Bringing Change to the Game

Manu Changed the Game

Manu’s Impact Outstrips his On-Court Production

With the recent news of Manu Ginobili‘s retirement, talk has turned to his Hall of Fame candidacy. While the guard was a key contributor to a bona fide dynasty in San Antonio, some may question if a player who never averaged 20 PPG in any season, and only made 2 All-Star games is deserving of basketball immortality.

However, when it comes to Ginobili, numbers are only a small part of the story. One look at today’s game shows how Manu’s broader influence far exceeds his traditional statistical impact. Take the Euro step.

Now a staple move of many a skill set, the Euro step was once uncommon in North America. While Lithuania’s Sarunas Marciulionis is said to have brought the move to the NBA in the 1990’s, Ginobili is generally accepted as the player most responsible for its spread across the league. It is something that defines the Argentinian’s crafty, herky-jerky style.

“I’ve done it since I remember playing basketball,” said Ginobili of his signature move. “I did it in Italy my four years, and nobody mentioned the awkwardness of my steps or the uniqueness. So when I got here and everybody started to talk about the way I did my steps… And then they put a name on it and everyone started doing it, so I guess there was something different.”

Now, traces of Ginobili’s style are not only clear in European players such as Evan Fournier and Goran Dragic, but also American superstars like James Harden and Dwyane Wade.

“He changed the game,” said former teammate Kawhi Leonard. “He brought a different feel and a different style.”

Ginobili’s popularization of the Euro step is only a small aspect of his impact. Though born in Argentina, he played in Italy before joining the Spurs, and was named EuroLeague Finals MVP in 2001. Along with a host of other stars of the 90’s and 2000’s, he helped bring an element of the European style and flair to the NBA.

In contrast to the isolation-heavy focus on individual scoring effort often found in American basketball, the European game has long been based around a free-flowing offense predicated upon constant ball movement. During his long run in the Lone Star State, Manu played a significant role on a San Antonio team that would come to resemble a European squad, both in makeup and style of play.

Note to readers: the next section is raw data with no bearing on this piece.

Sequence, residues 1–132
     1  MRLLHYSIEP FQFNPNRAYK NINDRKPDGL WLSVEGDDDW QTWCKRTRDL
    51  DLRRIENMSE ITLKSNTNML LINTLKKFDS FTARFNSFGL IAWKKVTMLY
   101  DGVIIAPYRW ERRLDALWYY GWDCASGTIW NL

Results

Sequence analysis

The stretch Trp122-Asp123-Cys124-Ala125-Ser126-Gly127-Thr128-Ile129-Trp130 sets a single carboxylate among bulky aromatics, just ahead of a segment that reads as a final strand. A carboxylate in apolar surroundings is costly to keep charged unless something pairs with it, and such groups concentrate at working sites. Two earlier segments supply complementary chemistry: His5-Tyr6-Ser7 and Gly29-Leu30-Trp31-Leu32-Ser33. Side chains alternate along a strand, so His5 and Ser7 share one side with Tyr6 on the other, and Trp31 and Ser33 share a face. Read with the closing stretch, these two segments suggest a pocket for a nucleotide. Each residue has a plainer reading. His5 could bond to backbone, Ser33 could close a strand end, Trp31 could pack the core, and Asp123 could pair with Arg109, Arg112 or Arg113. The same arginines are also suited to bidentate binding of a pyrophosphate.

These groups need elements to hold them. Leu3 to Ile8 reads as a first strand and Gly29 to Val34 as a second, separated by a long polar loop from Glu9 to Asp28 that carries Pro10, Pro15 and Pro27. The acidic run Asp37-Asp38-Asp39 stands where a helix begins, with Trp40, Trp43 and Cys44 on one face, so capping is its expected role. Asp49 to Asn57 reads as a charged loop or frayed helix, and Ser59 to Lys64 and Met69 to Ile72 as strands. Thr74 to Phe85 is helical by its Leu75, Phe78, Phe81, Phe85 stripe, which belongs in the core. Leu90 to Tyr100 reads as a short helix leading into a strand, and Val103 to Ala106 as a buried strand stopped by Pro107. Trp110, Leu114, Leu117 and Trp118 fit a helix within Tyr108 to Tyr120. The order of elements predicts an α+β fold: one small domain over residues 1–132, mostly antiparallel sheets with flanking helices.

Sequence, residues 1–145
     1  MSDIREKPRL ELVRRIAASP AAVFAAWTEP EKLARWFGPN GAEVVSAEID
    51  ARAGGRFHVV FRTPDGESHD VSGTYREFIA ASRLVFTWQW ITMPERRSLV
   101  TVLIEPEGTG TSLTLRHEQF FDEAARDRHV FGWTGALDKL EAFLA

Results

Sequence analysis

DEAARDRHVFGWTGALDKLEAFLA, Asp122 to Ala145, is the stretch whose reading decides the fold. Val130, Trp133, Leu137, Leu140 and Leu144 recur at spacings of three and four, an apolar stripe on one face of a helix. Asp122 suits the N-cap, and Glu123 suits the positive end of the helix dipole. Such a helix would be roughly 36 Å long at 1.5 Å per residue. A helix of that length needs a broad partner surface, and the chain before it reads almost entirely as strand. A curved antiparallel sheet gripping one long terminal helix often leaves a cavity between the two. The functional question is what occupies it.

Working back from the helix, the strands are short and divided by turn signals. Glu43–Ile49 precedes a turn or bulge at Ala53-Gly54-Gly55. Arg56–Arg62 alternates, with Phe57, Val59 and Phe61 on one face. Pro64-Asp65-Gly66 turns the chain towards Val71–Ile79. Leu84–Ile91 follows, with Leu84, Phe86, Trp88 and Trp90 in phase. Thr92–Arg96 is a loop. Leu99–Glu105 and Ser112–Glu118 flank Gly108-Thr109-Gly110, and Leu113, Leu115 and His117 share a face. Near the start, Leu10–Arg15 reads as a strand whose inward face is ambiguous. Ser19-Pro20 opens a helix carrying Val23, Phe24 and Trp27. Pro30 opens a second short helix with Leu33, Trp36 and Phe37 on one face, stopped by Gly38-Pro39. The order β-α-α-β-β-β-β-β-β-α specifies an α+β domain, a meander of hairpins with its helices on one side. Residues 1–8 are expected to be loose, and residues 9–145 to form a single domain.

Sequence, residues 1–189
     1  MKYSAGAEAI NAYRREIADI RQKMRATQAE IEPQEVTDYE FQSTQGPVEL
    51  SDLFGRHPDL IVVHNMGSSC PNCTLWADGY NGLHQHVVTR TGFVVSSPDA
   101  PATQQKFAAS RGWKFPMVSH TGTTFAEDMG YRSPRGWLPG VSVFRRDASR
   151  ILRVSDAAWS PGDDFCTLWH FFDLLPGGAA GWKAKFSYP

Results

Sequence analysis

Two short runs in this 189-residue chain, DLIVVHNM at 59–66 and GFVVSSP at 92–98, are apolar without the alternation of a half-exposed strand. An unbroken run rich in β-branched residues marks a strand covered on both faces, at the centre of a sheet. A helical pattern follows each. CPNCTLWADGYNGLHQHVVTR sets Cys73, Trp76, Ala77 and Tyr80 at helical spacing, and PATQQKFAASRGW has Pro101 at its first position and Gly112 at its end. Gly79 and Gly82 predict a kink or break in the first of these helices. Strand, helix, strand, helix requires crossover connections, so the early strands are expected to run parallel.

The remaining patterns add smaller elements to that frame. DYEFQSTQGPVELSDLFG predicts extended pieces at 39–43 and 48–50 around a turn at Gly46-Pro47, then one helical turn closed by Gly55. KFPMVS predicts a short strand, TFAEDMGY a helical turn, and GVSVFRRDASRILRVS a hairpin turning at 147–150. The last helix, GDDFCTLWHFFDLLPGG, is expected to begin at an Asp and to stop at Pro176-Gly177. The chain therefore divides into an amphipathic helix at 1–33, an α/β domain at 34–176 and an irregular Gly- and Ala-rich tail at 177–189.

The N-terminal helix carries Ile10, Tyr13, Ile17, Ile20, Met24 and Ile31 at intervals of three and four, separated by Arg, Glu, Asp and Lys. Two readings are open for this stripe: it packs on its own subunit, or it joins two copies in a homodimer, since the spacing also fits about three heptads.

San Antonio’s suprising domination of the Miami Heat in the 2014 NBA Finals is one of the greatest displays of offensive basketball many of us have ever seen. The Spurs were a well-oiled machine, sharing the ball with such efficiency as to make Miami’s vaunted Big 3 seem helpless. Take a look at how many scoring oppportunities were opened up by Manu’s fearless drives and creative passing.

The NBA is a league of copycats. That’s why it’s not a surprise that San Antonio’s European-influenced style of play, partly fuelled by Ginobili, soon cropped up everywhere. Just the next year, the Atlanta Hawks, coached by longtime Gregg Popovich disciple Mike Budenholzer, were able to win 60 games without any true superstars, by playing a similar brand of selfless basketball.

Perhaps most notably, the Spurs imprint is felt on today’s powerhouse, the Golden State Warriors, coached by Steve Kerr, one of Popovich’s former players. The Warriors, winners of 3 of the past 4 NBA championships, exemplify the Spurs’ team-first ethos, where everyone must be a capable and willing passer. “It was the epitome of what I’m looking for with our team,” Kerr once said of San Antonio’s system. The results speak for themselves.

Manu Ginobili’s influence is hard to calculate. Far from limited to the Euro step, he has symbolized San Antonio’s, and eventually the league’s, embrace of the European basketball style and attitude. When this is taken into account, it is hard to see a future where Manu doesn’t end up in Springfield.


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